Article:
Engaging in multiple sexual relationships increases your risk of encountering someone infected with HIV or other STDs. Always know your HIV status and that of your partner and never share contaminated or already used needles or syringes. Getting tested at least annually significantly increases your chances of diagnosing an HIV status, allowing you to get the necessary treatment if positive and help stop the spread of the virus.

If you are in a relationship with a partner who has HIV, pre-exposure prophylaxis (PrEP) is essential to helping you not contract the virus. Your partner needs to be adamantly following antiretroviral therapy (ART).

Who is at risk of contracting HIV?

Since the most common methods of HIV transmission are through anal or vaginal sex, and sharing drug injection equipment, people who engage in these activities are at risk of contracting HIV. Also, substance abusers are at risk for contracting HIV because drugs and alcohol can reduce a person's ability to reason, making them more likely to engage in risky behaviors such as unprotected sexual intercourse.

HIV does not discriminate, however studies have shown that social, economic and demographic factors affect the rate of HIV transmission in the U.S. Those who live in communities with higher rates of HIV incidence have higher chances of encountering an HIV-positive partner, making them more vulnerable to contracting the virus.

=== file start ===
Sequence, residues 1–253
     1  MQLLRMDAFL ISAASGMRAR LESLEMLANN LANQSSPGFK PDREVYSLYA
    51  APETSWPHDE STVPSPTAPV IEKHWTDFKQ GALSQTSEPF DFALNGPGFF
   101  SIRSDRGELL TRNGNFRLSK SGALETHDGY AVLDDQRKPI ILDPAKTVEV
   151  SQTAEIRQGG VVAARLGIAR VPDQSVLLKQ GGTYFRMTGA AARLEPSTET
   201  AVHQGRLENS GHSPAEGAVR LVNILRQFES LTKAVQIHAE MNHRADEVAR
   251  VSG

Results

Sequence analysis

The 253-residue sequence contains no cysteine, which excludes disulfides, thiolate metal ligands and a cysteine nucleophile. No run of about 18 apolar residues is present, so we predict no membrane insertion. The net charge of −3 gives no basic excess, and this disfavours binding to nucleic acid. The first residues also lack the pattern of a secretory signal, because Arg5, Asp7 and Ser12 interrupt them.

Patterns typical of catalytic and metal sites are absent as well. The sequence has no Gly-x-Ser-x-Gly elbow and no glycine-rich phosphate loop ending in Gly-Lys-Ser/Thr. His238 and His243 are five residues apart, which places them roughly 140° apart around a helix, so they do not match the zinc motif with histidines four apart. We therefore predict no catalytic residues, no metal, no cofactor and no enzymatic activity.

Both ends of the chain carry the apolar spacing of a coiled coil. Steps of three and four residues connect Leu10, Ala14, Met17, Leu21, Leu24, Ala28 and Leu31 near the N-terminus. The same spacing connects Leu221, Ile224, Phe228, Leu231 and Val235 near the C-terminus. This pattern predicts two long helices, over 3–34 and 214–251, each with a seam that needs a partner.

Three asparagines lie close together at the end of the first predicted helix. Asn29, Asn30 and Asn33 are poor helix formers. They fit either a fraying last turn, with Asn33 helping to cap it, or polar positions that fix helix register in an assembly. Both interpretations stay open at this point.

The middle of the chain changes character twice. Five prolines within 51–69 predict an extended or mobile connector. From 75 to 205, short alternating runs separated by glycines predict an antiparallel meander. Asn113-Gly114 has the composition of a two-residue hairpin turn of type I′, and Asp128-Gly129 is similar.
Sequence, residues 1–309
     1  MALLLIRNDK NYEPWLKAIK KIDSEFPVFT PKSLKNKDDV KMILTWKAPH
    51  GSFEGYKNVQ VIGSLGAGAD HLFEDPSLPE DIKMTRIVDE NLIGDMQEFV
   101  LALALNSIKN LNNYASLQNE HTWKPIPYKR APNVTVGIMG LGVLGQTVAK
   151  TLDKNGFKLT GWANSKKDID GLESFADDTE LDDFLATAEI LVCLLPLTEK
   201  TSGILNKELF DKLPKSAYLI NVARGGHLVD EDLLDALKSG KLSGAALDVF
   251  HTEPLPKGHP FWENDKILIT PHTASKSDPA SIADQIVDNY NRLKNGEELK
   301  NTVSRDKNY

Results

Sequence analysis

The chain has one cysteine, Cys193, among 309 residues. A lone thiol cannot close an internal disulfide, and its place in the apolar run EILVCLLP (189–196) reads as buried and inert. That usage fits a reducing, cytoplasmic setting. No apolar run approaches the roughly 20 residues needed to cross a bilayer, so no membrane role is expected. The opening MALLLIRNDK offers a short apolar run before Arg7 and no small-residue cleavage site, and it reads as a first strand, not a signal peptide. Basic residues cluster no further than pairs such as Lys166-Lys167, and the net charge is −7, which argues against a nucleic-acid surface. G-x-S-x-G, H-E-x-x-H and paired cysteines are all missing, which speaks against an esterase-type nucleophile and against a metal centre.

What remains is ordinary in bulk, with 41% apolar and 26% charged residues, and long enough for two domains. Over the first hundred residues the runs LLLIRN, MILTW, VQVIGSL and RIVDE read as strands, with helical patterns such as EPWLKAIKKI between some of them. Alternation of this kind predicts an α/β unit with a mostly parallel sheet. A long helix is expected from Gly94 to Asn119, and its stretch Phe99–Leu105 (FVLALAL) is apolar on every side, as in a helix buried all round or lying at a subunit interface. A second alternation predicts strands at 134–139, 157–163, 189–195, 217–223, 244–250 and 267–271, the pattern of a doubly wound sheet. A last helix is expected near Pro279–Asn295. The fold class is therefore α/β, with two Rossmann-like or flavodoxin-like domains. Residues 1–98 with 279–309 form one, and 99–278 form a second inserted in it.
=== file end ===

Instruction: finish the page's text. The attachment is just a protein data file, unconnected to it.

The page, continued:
According to a CDC report from 2012, homosexual, bisexual, and other men who have sex with men (MSM) account for the majority of new HIV infections (62%), despite the fact that they make up less than 2% of the general population. This population has a higher risk of contracting HIV due to the high prevalence of HIV transmission through semen and anal sex.

Do condoms protect against HIV?

Latex or polyurethane condoms, when used consistently and correctly, are proven to be highly effective in preventing the transmission of HIV. Their use has been scientifically established through laboratory studies on uninfected persons involved in sexual relationships with HIV-positive partners. Although studies have proven that consistent use of latex or polyurethane condoms provides a high degree of protection against HIV, they cannot guarantee absolute protection.

  1. "Recommendations for Gay and Bisexual Men's Health | CDC." Centers for Disease Control and Prevention. https://www.cdc.gov/msmhealth/for-your-health.htm
  2. "Condoms and Sexually Transmitted Diseases." U.S. Food and Drug Administration. https://www.fda.gov/patients/hiv-prevention/condoms-and-sexually-transmitted-diseases
  3. "Who Is at Risk for HIV?" HIV.gov. https://www.hiv.gov/hiv-basics/overview/about-hiv-and-aids/who-is-at-risk-for-hiv
  4. "ART for Treating HIV | HIV Risk Reduction Tool | CDC." Centers for Disease Control and Prevention. https://wwwn.cdc.gov/hivrisk/decreased_risk/medicines/art.html

Medically Reviewed by on Jun 18, 2019